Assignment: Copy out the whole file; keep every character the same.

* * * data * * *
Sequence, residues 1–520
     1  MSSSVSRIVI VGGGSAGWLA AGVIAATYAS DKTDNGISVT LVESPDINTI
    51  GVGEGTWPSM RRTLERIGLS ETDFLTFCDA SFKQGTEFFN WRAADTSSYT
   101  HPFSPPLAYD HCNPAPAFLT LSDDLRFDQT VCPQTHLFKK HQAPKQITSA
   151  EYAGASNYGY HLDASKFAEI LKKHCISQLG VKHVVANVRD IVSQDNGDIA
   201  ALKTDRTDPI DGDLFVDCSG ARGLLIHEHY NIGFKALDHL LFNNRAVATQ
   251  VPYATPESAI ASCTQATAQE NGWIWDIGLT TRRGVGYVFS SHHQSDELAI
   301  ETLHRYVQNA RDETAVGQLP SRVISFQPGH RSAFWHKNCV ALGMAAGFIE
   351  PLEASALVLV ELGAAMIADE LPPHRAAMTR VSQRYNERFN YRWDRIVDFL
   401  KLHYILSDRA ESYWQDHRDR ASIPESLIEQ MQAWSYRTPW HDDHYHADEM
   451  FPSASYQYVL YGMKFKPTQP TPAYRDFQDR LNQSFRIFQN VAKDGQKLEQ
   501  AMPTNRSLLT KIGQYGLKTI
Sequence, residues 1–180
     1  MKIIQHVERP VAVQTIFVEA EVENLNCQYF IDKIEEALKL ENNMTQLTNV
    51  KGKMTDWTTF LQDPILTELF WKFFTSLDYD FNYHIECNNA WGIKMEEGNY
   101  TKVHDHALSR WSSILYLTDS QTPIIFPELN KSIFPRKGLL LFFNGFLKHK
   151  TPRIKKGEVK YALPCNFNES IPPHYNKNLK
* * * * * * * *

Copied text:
Sequence, residues 1–520
     1  MSSSVSRIVI VGGGSAGWLA AGVIAATYAS DKTDNGISVT LVESPDINTI
    51  GVGEGTWPSM RRTLERIGLS ETDFLTFCDA SFKQGTEFFN WRAADTSSYT
   101  HPFSPPLAYD HCNPAPAFLT LSDDLRFDQT VCPQTHLFKK HQAPKQITSA
   151  EYAGASNYGY HLDASKFAEI LKKHCISQLG VKHVVANVRD IVSQDNGDIA
   201  ALKTDRTDPI DGDLFVDCSG ARGLLIHEHY NIGFKALDHL LFNNRAVATQ
   251  VPYATPESAI ASCTQATAQE NGWIWDIGLT TRRGVGYVFS SHHQSDELAI
   301  ETLHRYVQNA RDETAVGQLP SRVISFQPGH RSAFWHKNCV ALGMAAGFIE
   351  PLEASALVLV ELGAAMIADE LPPHRAAMTR VSQRYNERFN YRWDRIVDFL
   401  KLHYILSDRA ESYWQDHRDR ASIPESLIEQ MQAWSYRTPW HDDHYHADEM
   451  FPSASYQYVL YGMKFKPTQP TPAYRDFQDR LNQSFRIFQN VAKDGQKLEQ
   501  AMPTNRSLLT KIGQYGLKTI
Sequence, residues 1–180
     1  MKIIQHVERP VAVQTIFVEA EVENLNCQYF IDKIEEALKL ENNMTQLTNV
    51  KGKMTDWTTF LQDPILTELF WKFFTSLDYD FNYHIECNNA WGIKMEEGNY
   101  TKVHDHALSR WSSILYLTDS QTPIIFPELN KSIFPRKGLL LFFNGFLKHK
   151  TPRIKKGEVK YALPCNFNES IPPHYNKNLK